While Iceland has been blessed with all the hot water and geothermal energy a country could ever use, resources have never been their strong point. However, for several reasons, tourism has become a big economic cash cow for Iceland, right next to fish and sheep. There are mountains to climb, snow to ski, horses to ride, food to gorge on, glaciers to dog-sled, you get the picture. And of course, tourists have to have a place to stay.

Hotels abound in almost every city and town in Iceland. In fact, if there’s a gas station, there’s a hotel with half a mile. Fresynes makes it on the map even though the entire town consists of a gas station, a guesthouse and a hotel. Okay, it’s not a town. It’s a stop.

Guesthouses Dutas online are all the rage now. In the United States, people start internet businesses as a full-time job or to make a little money on the side. In Iceland, people open guesthouses. Farmers, gas station managers, graphic designers, everybody’s got a place for rent. These are usually the ones that are the nicest too.

Hospital rooms may seem small when they’re full of equipment, but when the building is renovated into a hostel, the bedrooms are suddenly roomy. A defunct nursing home turns into a fantastically homey guesthouse.

Building new buildings, especially after the severe economic traumas of 2008, is prohibitively expensive, and so Icelanders make full use of the phrase “Use it up, wear it out, make it do, or do without.” Actually, they fulfill the first three so well that “doing without” never comes into play. As you can see real estate investments in Iceland are very creative business.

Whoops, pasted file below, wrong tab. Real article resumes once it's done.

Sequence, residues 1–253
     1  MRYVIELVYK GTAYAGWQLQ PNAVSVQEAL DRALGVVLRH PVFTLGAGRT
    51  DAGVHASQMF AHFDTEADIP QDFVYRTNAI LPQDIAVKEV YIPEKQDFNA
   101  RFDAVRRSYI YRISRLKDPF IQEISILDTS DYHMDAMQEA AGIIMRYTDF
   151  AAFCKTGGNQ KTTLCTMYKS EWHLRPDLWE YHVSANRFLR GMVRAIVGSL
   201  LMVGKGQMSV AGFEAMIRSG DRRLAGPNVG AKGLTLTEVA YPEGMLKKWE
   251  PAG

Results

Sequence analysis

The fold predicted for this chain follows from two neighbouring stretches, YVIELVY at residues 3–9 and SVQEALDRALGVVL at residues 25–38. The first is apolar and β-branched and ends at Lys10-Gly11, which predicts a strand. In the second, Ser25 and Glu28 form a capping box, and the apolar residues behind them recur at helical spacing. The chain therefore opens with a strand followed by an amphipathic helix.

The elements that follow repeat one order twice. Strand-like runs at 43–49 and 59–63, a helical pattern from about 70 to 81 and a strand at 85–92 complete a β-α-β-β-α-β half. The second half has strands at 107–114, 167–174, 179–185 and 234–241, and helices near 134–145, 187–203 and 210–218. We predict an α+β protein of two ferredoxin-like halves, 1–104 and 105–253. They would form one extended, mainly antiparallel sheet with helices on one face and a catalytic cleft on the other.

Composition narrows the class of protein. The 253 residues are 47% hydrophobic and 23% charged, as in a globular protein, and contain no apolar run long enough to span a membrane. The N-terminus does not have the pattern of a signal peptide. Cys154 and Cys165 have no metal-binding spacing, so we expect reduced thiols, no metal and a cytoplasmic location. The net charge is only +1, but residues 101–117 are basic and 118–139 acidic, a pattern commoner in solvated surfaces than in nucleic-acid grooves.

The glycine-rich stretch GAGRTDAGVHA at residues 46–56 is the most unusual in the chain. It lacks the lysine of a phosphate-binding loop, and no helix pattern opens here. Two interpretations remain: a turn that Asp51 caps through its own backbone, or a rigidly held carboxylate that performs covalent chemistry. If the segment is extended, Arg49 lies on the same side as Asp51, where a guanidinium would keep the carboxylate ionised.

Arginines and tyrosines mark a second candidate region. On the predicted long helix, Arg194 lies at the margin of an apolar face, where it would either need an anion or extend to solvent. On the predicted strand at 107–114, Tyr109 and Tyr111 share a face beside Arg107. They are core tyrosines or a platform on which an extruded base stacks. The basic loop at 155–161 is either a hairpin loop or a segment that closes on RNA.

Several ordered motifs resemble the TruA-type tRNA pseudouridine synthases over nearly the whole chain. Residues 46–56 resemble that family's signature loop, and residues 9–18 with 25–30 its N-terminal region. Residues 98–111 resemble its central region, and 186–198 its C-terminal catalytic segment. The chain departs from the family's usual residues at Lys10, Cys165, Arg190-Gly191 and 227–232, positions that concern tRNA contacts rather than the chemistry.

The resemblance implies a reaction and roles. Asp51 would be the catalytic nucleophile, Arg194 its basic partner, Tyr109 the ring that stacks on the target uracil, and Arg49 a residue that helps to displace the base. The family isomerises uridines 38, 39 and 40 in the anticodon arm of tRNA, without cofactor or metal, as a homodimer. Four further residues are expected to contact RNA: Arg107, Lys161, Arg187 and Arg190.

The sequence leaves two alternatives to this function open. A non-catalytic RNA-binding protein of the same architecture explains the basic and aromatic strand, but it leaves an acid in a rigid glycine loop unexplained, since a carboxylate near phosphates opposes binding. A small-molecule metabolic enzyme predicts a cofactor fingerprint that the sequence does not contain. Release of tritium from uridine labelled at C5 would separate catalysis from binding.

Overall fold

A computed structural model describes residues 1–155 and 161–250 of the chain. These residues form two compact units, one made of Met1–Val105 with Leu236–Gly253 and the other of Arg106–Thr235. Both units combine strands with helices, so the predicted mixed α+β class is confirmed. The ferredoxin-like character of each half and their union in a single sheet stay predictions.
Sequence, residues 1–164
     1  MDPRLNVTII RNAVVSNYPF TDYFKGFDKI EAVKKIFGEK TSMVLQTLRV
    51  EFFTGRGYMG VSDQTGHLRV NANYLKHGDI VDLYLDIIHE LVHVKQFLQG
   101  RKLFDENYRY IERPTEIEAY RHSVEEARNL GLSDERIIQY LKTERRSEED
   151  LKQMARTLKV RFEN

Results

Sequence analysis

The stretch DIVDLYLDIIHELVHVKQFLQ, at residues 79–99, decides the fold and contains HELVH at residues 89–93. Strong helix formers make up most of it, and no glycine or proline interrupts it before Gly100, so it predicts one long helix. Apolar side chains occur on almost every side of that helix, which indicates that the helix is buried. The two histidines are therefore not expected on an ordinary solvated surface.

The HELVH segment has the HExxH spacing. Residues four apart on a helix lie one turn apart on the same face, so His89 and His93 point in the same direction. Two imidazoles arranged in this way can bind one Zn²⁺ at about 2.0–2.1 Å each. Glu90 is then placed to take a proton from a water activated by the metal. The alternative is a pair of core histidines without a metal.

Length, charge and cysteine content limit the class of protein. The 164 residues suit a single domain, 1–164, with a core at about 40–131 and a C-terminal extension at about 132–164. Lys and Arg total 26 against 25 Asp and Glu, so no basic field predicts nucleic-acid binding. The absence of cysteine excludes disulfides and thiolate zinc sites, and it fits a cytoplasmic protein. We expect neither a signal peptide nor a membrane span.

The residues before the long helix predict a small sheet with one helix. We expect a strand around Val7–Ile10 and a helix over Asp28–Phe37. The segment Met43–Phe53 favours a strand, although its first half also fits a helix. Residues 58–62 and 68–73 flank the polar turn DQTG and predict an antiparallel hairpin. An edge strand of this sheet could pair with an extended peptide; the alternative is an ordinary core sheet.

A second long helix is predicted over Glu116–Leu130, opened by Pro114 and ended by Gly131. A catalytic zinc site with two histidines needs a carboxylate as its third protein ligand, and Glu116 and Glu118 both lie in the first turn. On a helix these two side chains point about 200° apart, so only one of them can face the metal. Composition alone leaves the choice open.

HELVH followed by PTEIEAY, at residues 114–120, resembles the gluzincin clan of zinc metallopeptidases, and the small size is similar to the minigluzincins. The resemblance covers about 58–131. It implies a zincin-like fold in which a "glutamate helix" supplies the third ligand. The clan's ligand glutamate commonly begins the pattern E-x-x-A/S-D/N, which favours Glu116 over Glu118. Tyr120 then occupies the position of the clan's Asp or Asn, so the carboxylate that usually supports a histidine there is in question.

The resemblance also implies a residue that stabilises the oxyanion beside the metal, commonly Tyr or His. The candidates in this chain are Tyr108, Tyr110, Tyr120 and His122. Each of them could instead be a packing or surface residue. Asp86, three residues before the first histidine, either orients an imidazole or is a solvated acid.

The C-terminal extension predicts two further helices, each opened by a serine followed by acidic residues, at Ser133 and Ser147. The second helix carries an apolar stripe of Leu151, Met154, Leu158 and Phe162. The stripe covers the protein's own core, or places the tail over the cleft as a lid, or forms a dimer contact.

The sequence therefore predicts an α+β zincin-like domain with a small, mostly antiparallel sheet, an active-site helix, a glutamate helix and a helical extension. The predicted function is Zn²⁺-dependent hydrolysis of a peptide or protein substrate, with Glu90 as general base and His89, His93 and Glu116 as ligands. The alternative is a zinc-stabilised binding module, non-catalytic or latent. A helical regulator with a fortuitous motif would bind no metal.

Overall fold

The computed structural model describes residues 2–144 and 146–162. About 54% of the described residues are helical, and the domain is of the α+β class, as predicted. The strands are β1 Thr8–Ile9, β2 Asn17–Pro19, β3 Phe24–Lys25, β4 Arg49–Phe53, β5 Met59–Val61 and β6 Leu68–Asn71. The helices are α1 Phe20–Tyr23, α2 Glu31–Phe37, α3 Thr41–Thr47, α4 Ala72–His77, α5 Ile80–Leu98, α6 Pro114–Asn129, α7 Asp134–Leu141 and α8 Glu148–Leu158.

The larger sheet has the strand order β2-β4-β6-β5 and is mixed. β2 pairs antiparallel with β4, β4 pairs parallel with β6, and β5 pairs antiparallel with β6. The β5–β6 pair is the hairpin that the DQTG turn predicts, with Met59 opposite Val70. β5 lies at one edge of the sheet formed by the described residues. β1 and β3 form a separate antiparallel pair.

Take Hotel Natur, for example. A new guesthouse across the Eyjafjörður fjord from the northern city of Akureyri. Originally a cowshed, it’s now boasts twenty four splendidly furnished rooms with en suite bathrooms, a dining hall that would give most small restaurants a run for their money, conference facilities, and a hot tub. Not bad for a long, low building used for storing hay until 2005.

With all this accommodation at the ready, Iceland just needs more visitors. Southern Europeans like the Spaniards and Italians come in the winter. The summer is for Germans and Brits and Americans and a few Dutch tourists. Each group pretty much sticks to its season. However, Iceland is fantastic all year round. The attractions change, as does the daylight — in the winter it’s dark by 4:00 pm and in the summer it never gets dark — but the beauty of the country and the people are ever constant. Iceland is the world’s best kept secret for a saga-worthy vacation.

About the Author

Roger Hernandez is a keen world traveler and freelance writer. His wanderlust is fueled by his interest in real estate investing and he is a member of Lifestyles Unlimited real estate investing group.